Iraq activates new deal to pay Iran for gas

Swap of Iraqi refined products for Iranian gas could help settle an $11 billion debt but also risks friction with U.S. over sanctions.
Ihsan Al-Awadi, Chief of Staff to the Iraqi Prime Minister (right) and Mohammad Kazem Al Sadeq, Iranian Ambassador to Iraq, sign an agreement to swap Iraqi oil for Iranian gas supplies on July 11, 2023. (Iraqi Prime Minister's Media Office)

Iraq has activated a new mechanism for making payments to Iran for gas imports in an apparent attempt to settle billions of dollars in debts that have accumulated because of U.S. sanctions and banking restrictions.

Under the new deal, Iran is nominating companies to load refined products from refineries in Iraq, according to three senior Iraqi officials familiar with the structure of the agreement. When those products are sold, buyers pay Iran rather than Iraq, and the amounts are deducted from Iraq's debt to Iran.

"We cannot sell directly to [Iran] because we are bound by American instructions," said one senior Iraqi oil official. "But in exchange for Iranian gas, we sell to companies nominated by the Iranians and authorized by Iran, and these companies in turn sell the product on behalf of the Iranians.... We inform the Iranians of the sale value and deduct it from the debt for Iranian gas."

A second senior Iraqi official confirmed the structure of the trade, and described it as the product of a "political agreement" between the Iranian government and the Coordination Framework, an alliance of Iraqi political parties backed by Iran that forms the backbone of Prime Minister Mohammed Shia al-Sudani's governing coalition.

"There is $11 billion in debt that Iraq owes for imported gas," the second Iraqi official said. "The deal will continue until the $11 billion debt is paid down."

Iraq imports gas from pipelines that enter in Basra and Diyala provinces, with gas going to several power plants. In exchange, Iraq’s Electricity Ministry has deposited payments in the National Iranian Gas Company’s (NIGC) account at the Trade Bank of Iraq (TBI) — but Iran has not been able to repatriate that money because of U.S. sanctions.

Iraq "deposits money into these restricted accounts, and then we issue these waivers," said State Department Spokesperson Matthew Miller in a March 14 press briefing. "[The waiver] allows the money in... those accounts to be used for humanitarian and other non-sanctionable purposes, but the money itself doesn't actually move from Iraq to Iran."

It is not clear whether the U.S. government is aware of the new swap deal, which appears to give Iran access to cash without the same restrictions as the TBI mechanism. In response to a query, a State Department spokesperson said, "We refer you to the U.S. Department of the Treasury." The Treasury Department could not be reached for comment in time for publication.

The swap deal was first approved by Sudani's Cabinet in July 2023. At the time, Sudani said the plan would create “cost savings” for Iraq and “prevent recurring disruptions” to the country’s electricity grid.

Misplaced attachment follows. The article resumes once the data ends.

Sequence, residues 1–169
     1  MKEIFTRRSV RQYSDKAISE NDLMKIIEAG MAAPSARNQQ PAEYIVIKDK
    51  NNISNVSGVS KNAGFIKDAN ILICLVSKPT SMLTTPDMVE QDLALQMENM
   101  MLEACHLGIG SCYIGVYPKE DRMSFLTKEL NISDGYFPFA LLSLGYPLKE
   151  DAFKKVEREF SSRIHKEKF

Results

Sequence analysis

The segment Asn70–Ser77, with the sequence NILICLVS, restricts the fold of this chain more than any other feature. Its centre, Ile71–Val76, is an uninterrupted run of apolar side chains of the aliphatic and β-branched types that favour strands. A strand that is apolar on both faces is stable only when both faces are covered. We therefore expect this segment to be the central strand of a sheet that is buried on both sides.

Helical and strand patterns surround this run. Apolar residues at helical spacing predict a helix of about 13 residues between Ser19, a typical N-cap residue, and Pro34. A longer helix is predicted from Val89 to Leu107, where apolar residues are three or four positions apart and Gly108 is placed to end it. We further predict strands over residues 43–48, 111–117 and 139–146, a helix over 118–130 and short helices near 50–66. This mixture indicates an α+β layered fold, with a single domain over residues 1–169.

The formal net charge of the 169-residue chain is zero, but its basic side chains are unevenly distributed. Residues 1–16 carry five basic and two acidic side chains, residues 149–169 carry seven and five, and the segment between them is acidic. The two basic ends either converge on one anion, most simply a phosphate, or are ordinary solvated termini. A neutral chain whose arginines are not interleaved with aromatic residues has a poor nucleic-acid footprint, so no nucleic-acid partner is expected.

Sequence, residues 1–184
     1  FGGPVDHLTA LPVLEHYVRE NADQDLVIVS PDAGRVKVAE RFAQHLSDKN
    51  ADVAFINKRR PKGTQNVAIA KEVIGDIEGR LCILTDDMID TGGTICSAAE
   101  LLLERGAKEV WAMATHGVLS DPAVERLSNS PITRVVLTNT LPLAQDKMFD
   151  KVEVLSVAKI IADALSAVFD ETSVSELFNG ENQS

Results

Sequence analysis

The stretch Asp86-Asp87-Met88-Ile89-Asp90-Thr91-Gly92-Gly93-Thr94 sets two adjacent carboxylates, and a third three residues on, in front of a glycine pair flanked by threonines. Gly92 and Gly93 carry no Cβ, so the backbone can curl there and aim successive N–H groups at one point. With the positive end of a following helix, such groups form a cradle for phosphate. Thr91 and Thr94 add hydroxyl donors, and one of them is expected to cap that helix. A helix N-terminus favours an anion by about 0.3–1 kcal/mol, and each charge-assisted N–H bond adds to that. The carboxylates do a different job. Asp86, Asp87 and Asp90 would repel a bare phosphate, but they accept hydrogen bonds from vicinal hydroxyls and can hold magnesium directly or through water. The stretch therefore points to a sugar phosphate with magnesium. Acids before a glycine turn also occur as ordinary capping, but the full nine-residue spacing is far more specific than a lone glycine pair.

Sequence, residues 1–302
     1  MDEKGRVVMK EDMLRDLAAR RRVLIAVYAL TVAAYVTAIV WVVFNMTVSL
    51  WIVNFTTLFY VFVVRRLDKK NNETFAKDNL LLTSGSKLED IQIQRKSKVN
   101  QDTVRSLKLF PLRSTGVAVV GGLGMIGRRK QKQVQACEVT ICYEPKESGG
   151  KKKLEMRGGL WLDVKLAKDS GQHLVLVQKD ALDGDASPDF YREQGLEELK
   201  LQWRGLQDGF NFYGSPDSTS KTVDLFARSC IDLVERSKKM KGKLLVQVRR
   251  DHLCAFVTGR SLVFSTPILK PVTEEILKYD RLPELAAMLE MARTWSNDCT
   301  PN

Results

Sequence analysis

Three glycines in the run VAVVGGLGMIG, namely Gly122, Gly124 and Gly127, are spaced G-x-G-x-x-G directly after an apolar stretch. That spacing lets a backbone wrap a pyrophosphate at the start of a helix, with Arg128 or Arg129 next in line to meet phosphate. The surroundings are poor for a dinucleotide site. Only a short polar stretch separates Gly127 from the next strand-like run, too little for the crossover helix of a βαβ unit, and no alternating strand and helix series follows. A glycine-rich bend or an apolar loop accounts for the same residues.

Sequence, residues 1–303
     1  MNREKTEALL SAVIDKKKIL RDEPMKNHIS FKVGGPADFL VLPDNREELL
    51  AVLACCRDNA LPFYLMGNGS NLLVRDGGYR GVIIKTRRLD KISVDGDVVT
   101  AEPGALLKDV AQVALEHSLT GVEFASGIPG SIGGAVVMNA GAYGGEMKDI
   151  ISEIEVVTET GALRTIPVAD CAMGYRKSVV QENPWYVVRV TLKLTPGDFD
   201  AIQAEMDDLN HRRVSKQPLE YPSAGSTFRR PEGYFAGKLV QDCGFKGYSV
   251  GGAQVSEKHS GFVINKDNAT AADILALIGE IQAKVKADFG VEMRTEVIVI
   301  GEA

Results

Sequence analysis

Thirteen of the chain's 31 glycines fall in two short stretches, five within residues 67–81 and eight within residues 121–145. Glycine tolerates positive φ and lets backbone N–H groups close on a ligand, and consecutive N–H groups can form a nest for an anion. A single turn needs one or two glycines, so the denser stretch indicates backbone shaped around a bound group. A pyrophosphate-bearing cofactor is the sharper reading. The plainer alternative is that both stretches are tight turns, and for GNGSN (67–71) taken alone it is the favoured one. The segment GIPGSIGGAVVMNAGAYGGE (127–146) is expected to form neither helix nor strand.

According to a Cabinet statement at the time, the July decision authorized Iraq's oil marketing company (SOMO) to establish “the necessary marketing and contractual procedures” and “sign contracts with companies nominated by the Iranian side, exempt from the controls and instructions approved by SOMO.”

The details of the trade now appear to be fleshed out and put into action, according to two senior Iraqi officials.

SOMO has now signed five contracts with companies nominated by Iran to receive both high-sulfur fuel oil (HSFO) and naphtha directly from refineries in southern Iraq, the two senior officials said. The companies take ownership of the cargo at the refinery loading points and are responsible for arranging transportation, subcontracting with multiple Iraqi companies.

The products are then trucked both by land into Iran and to southern Iraqi ports for export by sea, the two senior Iraqi officials said.

The companies nominated by Iran "carry a letter of authorization stamped with the stamp of the Iranian embassy in Baghdad," said one of the Iraqi officials.

The trade makes economic sense for Iraq, which generates a problematic surplus of HSFO. Iraq used to sell large volumes of fuel oil for use as "bunker fuel" that is used to power ship engines, but new international regulations went into effect in January 2020 that dramatically lowered the maximum sulfur content allowed in bunker fuel — a significant benefit to the environment and coastal communities that suffered from dirty emissions, but a setback for countries like Iraq that lack the modern refining equipment to remove sulfur and generate compliant fuel oil.

Iran is apparently willing to find buyers for the HSFO, however. So the swap deal appears to help Iraq pay down debts while also serving some of Iran's financial goals.

The swap deal could also create friction with the U.S. Unlike the TBI payment mechanism, the new deal does not appear to provide any guarantee that Iran's revenue from gas sales to Iraq will be only be used for benign purposes.

"The contracts say we should export until we have settled the total amount [owed to Iran]," said one of the senior Iraqi officials. "That is, $11 billion."

Iraqi staff reporting from Nassiriya are anonymous for their security. Lizzie Porter reported from Istanbul. Ben Van Heuvelen reported from the United States.

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